Tonight, we are going to color Easter Eggs. He did it last year with Granddad and he surprised me by telling me he wanted to color a red and purple egg like he did with Granddad. So, we will color eggs. Who knows, maybe this will prompt him to eat one. And we will have egg salad for lunches all week. Yay.

I wish you a very Happy Easter and hope your basket is full!

Monday, April 14, 2014

Why I Write What I Write

I blog differently than most bloggers. I read countless blogs by writers writing about writing. They write about their struggles with passive voice, tag lines, dialogue, social media, etc. They will write about discovery, lack of discovery, the difference between being a writer and being an author, the use or not of the Oxford comma. They write about being accessible to their readers. But it seems to me, that the readers of these blogs are writers wanting to know how so-and-so solved this problem or how they handled a bad review on Goodreads (see last weeks blog on Sticks and Stones). These are not readers per se. This is the same as one group of musicians singing to another group of musicians. Where is the audience?

The general advice is not to be political in a blog so you don't offend and turn off people with opposing views. Don't talk about anything controversial like politics, religion, cultural taboos. I had one person tell me not to write so much about my Little Man. "Too much toddler" was his exact comment. Well, pppthbt to you. If I take out all of those things this is what my blog would look like:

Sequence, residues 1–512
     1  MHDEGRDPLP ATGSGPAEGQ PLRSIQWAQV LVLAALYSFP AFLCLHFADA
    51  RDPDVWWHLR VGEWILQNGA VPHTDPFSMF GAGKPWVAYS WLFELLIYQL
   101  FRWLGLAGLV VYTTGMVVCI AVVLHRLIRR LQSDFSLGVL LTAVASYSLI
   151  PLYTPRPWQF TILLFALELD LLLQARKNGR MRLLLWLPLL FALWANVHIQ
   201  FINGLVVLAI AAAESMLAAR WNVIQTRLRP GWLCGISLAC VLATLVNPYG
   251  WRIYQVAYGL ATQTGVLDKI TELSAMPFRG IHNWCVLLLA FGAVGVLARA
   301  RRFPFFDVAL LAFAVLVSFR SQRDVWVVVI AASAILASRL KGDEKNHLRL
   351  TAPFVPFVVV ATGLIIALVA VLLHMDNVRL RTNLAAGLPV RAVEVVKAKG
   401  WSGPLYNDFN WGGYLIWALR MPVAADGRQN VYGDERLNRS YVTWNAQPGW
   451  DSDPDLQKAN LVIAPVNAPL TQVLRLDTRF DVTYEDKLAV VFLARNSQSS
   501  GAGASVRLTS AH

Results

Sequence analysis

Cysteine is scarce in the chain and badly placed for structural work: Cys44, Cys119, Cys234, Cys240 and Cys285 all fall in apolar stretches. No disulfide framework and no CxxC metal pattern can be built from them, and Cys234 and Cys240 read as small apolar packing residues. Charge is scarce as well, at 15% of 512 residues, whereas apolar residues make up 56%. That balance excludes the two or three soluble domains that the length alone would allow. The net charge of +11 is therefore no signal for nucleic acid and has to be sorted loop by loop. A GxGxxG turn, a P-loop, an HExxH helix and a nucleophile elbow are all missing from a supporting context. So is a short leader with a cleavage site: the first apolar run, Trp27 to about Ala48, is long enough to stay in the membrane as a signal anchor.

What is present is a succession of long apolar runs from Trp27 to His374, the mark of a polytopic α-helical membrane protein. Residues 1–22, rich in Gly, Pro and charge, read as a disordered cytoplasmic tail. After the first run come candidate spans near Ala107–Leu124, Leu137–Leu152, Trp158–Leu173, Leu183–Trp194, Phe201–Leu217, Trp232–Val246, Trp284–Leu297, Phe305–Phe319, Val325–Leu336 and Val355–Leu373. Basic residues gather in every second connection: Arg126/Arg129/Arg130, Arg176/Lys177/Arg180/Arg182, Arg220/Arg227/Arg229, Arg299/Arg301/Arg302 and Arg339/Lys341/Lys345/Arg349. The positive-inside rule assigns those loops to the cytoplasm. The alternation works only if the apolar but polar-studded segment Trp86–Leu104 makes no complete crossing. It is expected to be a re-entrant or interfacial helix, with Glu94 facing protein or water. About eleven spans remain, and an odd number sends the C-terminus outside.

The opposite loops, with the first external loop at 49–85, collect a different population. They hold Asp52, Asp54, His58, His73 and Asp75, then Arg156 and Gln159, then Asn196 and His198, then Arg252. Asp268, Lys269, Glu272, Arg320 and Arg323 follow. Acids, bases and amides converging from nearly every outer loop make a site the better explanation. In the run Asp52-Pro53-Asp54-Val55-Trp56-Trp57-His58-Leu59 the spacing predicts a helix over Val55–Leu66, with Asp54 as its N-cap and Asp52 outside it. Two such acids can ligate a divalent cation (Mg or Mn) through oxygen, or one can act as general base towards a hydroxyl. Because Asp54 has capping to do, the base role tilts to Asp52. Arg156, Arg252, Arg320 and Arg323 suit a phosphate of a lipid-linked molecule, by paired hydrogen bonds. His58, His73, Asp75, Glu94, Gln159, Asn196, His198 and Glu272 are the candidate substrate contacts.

It is a sunny day today! Will have to go out and enjoy it and perhaps weed the garden for a little while.

This is assuming I don't alienate those people who prefer rainy days or can't go outside or those people who don't have a garden to weed or those who are partial to weeds and believe organized gardening is evil. The point is, there will always be some one or some group who won't like what I say, how I say it, or just don't like me in general. Know what? I don't care.